Not all old Strat’s are “well-liked”!

5 01 2014

Dylan’s electric guitar – “the Strat that nobody wanted” – fetches record price

The electric guitar famously played by Bob Dylan at the 1965 Newport Folk Festival has been sold to an unidentified buyer at auction in New York for $958,000 USD. folks

bobdylan-strat2This was the Strat that everyone hated in 1965. THIS is the guitar that caused Bob Dylan to hang his head in shame.(I know that it’s true. I’ve seen the concert photographs. I have friends that were there performing that said it was just “pitiful”.  No, I wasn’t there, smart-asses. I was only 7 years old at the time.)
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The Fender Stratocaster had been in the possession of a New Jersey family for 48 years after Dylan left it on the guy’s  airplane.

The pilot’s daughter, Dawn Peterson, had it authenticated on a television program on US Broadcaster PBS. I think I even remember it being on a segment of “Antiques Roadshow”.

In 1965, the Newport Folk Festival (located in in Newport, Rhode Island, naturally) is often cited as the performance where Bob Dylan – who first came to fame playing only acoustic guitar – “went electric”. His three-song set with electric guitar drew boos from the crowd, who had come expecting Dylan’s usual acoustic folk performance. They literally booed him off the stage.

On the PBS show “History Detectives” Ms Peterson shared that her father, the private plane’s pilot, asked Dylan’s management firm what to do with the guitar but “nobody ever got back to him.” In 1965, Fender Strats probably weren’t that big a deal. They had no idea what the axe would become.

So the pilot just kept it and tucked it away in a closet. Personally, I think that it’s kinda uncool, but hey, I wasn’t there. The family had what… about 50 years to try to return it to Dylan?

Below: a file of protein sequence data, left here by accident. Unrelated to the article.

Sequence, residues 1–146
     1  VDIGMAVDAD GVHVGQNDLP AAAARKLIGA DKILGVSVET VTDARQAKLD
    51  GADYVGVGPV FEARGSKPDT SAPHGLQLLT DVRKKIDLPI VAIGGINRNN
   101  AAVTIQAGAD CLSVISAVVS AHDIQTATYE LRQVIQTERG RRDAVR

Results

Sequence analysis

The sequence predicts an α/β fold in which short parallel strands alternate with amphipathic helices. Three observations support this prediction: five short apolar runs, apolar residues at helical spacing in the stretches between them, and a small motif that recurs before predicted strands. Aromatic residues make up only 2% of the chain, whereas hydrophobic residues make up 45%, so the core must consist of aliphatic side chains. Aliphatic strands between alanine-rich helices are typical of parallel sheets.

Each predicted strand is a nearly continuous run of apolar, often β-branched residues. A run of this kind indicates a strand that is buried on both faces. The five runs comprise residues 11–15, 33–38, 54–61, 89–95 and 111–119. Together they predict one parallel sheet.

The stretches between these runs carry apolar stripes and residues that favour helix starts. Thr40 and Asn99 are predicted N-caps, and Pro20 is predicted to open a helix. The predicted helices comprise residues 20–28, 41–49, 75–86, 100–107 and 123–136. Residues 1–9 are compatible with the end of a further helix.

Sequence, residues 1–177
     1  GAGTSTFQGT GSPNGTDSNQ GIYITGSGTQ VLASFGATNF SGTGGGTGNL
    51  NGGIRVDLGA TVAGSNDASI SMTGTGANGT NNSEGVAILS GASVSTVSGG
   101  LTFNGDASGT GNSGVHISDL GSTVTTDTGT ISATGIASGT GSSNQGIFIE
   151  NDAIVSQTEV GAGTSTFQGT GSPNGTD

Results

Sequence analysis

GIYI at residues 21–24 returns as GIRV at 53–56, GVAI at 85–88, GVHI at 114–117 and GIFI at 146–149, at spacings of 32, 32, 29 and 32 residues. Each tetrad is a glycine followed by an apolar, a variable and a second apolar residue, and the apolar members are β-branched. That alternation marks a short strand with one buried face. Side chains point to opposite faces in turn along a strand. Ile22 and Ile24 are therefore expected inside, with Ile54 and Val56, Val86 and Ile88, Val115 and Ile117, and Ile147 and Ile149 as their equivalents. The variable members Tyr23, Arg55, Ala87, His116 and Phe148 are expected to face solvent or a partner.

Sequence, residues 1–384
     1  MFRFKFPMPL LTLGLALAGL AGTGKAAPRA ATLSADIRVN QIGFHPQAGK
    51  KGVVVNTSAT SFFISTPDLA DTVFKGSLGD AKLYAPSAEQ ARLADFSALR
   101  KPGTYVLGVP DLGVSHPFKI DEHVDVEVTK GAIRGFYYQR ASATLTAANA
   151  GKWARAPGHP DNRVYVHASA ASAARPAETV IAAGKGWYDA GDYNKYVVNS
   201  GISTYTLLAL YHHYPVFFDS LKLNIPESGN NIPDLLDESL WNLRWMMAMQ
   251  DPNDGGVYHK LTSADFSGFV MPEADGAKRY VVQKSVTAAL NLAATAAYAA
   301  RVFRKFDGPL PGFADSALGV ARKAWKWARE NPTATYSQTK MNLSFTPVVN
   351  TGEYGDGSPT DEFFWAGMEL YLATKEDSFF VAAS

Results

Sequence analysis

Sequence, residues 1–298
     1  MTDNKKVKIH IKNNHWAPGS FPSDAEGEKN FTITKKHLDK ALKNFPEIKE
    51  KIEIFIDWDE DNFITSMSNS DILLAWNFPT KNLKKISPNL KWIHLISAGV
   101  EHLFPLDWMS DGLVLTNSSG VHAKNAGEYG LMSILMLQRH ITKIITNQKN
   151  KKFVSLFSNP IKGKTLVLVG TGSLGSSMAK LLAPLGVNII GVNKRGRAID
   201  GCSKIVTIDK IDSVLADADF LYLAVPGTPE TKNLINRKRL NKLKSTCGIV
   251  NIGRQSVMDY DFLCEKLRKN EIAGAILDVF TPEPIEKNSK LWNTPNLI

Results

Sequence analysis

Experts matched the wood grain on the Stratocaster with a close-up color photo taken during Dylan’s set at the festival.

People (as in “players”) talked about that guitar for years, wondering what had happened to it. Some thought that it just gotten lost in the “Haze of the 60’s and 70’s”…

Imagine their shock when some girl shows up with it, telling the tale of  “Bob Dylan’s long lost axe…”

Recently, Dylan and Ms Peterson quietly settled a legal dispute over the instrument. Details of the settlement are not known, but  I’m betting that Dylan finally figured out who had his axe and he wanted it back. There was more than enough proof that it was his axe. I’m betting that somebody paid somebody a great deal of money to “just let it go”…

Hey, If I got booed off the stage, I’d want that axe. It’d kinda give;

“Break a leg…”

a whole new meaning…

The previous record for a guitar sold at auction was a Fender owned by Eric Clapton, nicknamed  (gasp!) “Blackie”, which sold at Christie’s for $1.157 million in 2004.

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It’s a Mysterious axe, probably enshrined in a deep spring fed cave!

2 01 2014

I’ve heard rumors lately of an old Les Paul that was literally touched (on a regular basis) by several of Rock’s Guitar “Godhood”.

In fact, some say that this axe passed through the hands of the “Holy Trinity” of guitar players.

1952 Gibson Les Paul with SERIOUS MojoIn 2009 this axe hit the auction block. A little bird told me that it’s for sale again…

It doesn’t look like much, does it? Old Les Paul with soapbars. They’re everywhere, right?

Not like this one. This axe has Mojo on it’s Mojo.  The 1952 Gibson Les Paul was once owned and made famous by cult UK blues legend Duster Bennett, the “One Man Blues Band”.

While that’s cool and all, it’s REAL lineage will amaze even the most novice of players. Duster got this guitar from Peter Green. You remember HIM, right? He’s that “Fleetwood Mac” cat.

Peter Green got this axe from some English cat… Eric Clapton I think his name was. You remember that guy right… from “The Cream” (as Buddy Guy would  say…)?

Eric got it from  – BB King.

And BB got it from, guess who?  Muddy Waters…

… who got it right outta Gibson’s treasure vault.

This axe is just dripping with Mojo. If fact, it’s said that it has mystical powers that allow even the most novice player to abilities that would make most life-time Blues players cry in anguish.

When Les Paul’s own ’52 Goldtop hit the auction block in 2012, it sold for $62,500.00 USD

Can you imagine what a Goldtop that passed down through these hands could say? The stories that it could tell?

We’re keeping an eye on this one…

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